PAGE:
Don't Seek RevengeWhen I was in a high school youth group several years ago, there was this girl I will call Erica. She was the girl the 'B' word was invented for. She basically categorized everyone she knew into two groups - cool or uncool. There was little or no middle ground, and she often made a snap judgment about you before even getting to truly know you as a person. If you were in the "cool" group, according to Erica, she loved you and wanted to hang out with you. But if you were "uncool" she completely shunned you. Furthermore, she would take steps to keep all of her "cool" friends away from you. It wasn't enough that you and she weren't friends; she also had to make sure everyone in her cool world had nothing to do with you. I know. I was "uncool".
When she spread a nasty rumor about me, believe me, I wanted to seek revenge. I was intensely angry with her for over a year. But if I'd sought revenge she would have just gone around saying something even worse, making me look bad! Not seeking revenge makes you the better person. What's more, it works out better for you in the long run.
The thing that happens when you choose to seek revenge is you get caught up in a vicious cycle. You seek revenge for something she did to you. In turn she becomes angry and fights back, and so on, until you totally forget what you were angry about in the first place. At some point, the hope is that each person realizes the drama just isn't worth the time and stress. There are much more productive things you could be doing, like preparing for your future or volunteering for a good cause. It's healthy to take the focus off yourself every so often. Place that energy somewhere you can make a positive impact.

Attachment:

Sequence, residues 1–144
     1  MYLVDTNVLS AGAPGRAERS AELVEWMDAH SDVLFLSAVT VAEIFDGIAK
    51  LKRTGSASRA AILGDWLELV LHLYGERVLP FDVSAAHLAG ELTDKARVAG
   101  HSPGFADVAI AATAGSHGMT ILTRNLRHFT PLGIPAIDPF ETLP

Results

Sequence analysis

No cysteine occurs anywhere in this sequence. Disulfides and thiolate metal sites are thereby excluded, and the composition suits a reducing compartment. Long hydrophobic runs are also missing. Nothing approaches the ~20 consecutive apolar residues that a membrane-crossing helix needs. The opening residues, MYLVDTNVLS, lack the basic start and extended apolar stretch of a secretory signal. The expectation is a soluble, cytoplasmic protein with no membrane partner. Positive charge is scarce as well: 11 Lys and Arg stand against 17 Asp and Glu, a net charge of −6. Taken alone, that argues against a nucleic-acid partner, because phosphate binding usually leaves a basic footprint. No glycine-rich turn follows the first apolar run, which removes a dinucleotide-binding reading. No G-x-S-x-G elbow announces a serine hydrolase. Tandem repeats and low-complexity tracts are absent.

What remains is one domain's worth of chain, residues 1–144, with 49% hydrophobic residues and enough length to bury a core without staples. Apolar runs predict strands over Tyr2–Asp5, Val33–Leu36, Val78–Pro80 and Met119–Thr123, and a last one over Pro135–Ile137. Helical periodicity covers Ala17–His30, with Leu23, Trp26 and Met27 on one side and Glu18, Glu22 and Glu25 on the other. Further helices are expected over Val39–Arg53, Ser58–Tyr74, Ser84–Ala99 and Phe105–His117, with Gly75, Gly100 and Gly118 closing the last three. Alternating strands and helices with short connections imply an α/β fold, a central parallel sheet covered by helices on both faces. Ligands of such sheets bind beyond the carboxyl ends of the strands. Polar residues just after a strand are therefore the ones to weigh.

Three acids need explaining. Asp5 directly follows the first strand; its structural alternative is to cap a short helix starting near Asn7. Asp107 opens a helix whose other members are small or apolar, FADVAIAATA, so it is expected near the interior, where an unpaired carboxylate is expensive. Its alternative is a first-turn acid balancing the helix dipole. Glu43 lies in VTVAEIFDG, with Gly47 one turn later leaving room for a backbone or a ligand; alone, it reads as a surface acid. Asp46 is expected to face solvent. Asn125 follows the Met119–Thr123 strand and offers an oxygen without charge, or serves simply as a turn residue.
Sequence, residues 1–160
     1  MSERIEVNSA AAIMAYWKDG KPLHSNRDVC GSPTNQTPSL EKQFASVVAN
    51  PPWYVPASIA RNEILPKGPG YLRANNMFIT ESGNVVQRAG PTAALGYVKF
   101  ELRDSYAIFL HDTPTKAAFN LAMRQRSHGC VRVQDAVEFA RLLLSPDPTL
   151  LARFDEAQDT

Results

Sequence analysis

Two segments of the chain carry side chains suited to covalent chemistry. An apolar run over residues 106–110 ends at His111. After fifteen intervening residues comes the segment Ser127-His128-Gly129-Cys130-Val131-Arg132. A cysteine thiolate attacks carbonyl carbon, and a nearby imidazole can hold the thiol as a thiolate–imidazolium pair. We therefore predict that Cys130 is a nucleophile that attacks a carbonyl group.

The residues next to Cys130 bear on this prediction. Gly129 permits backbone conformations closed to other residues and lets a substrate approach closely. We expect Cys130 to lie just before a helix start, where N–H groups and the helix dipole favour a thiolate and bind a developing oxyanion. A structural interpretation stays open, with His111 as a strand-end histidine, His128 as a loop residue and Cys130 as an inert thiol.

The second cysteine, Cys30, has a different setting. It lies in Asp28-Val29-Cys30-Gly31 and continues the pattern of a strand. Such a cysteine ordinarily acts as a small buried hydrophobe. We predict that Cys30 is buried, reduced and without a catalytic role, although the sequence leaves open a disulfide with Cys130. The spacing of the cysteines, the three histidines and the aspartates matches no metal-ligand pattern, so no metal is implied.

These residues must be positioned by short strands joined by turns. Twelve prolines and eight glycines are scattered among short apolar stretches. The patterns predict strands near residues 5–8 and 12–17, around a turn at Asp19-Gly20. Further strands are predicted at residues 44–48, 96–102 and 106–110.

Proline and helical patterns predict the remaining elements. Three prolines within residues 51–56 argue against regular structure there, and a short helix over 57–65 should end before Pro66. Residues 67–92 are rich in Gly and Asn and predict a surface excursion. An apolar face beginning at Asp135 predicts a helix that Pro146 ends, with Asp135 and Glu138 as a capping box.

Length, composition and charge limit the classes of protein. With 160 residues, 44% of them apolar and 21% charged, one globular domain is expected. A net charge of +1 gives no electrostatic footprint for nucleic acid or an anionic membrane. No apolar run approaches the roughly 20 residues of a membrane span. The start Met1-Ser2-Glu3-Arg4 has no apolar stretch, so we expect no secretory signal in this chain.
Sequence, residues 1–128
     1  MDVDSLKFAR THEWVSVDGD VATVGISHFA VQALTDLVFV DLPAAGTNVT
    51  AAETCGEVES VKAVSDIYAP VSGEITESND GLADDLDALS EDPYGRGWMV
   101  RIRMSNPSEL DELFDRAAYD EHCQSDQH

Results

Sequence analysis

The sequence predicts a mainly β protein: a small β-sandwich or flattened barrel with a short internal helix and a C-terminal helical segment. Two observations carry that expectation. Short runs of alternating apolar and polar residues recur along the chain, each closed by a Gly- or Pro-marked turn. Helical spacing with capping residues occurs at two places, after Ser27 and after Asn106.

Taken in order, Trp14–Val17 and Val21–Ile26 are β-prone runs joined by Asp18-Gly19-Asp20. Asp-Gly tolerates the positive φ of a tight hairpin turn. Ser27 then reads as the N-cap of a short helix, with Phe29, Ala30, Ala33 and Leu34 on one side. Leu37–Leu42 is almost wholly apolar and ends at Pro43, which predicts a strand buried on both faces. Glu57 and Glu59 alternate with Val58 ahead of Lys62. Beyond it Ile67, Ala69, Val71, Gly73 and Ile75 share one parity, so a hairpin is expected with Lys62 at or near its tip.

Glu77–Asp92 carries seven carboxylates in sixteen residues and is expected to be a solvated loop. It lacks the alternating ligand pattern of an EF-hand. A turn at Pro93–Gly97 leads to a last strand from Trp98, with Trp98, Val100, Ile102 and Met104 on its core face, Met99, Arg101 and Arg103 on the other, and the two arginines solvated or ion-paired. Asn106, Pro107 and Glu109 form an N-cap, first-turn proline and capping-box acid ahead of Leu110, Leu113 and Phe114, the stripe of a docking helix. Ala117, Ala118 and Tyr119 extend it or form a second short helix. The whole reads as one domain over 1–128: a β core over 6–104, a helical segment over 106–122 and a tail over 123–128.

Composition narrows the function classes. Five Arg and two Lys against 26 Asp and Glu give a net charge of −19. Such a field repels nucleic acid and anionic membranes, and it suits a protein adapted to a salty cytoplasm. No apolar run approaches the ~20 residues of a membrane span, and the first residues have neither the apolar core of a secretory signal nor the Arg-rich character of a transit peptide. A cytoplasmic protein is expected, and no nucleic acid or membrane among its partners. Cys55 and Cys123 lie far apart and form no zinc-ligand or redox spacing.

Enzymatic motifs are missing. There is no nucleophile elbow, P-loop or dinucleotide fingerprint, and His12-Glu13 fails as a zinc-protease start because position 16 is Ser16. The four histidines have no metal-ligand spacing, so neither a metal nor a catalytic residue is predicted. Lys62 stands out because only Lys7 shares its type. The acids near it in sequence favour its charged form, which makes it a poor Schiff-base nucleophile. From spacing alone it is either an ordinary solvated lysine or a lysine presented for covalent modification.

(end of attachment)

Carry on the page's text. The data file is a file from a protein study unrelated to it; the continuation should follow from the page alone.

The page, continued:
Site model Chelsea from Florida (2nd from left) with her friends.
We need to learn to treat each other better in our everyday actions.
* Be happy for and congratulate your friends and rivals when something goes well for them (like a good grade, new BF, or winning performance at a sporting event) instead of being jealous. Everyone has their good and bad times. If it's a great moment for her, help her enjoy it!
* Learn to resolve fights, rather than gossip to your friends about what they did to you. If sitting down in person is considered "the old fashioned way" then so be it. There's only so much you can resolve through Instant Messenger ... usually nothing.
* Learn to accept those around you. No matter where you are, you'll always be surrounded by certain people you don't like or who don't like you. It's just a fact of life.
* Don't be so easily offended. Sometimes people say stuff and you take it way too hard when it probably wasn't meant that way. Even if it was, let the little things go!
* Learn to be encouraging. If you can't say something nice, don't say anything at all. Instead of leaving a comment on someone's video (etc.) that says, "Wow, that sucked", leave a positive comment or just click the back button and move on.
* Realize that things aren't always as they appear. Someone once left a comment on one of my photos that said "You're ugly". When I went on her MySpace page, she said about one of her own photos, "Ugh! I'm soo ugly!!" Low or fragile self-esteem is at the root of a lot of the drama, gossip, and bullying. People who need to gossip or knock someone else down to feel better about themselves lack true confidence. A girl with true confidence (not the pretend version) can be friends with whomever she chooses and encourage others because she isn't afraid what everyone will think. And most people truly envy her.
A few weeks from now everyone will be on summer vacation. A new school year will then follow, and everyone will have forgotten about the girls from Florida ... and about this past year's dramas at their own schools. The arrival of graduation will make all of it an even hazier and more distant memory. But those who are truly hurt by middle and high school dramas, however trivial and silly they may seem in retrospect, often carry the scars of this abuse for a lifetime. It's just not worth it!! It's time to set a new standard and learn how to treat each other right!
The change begins with you!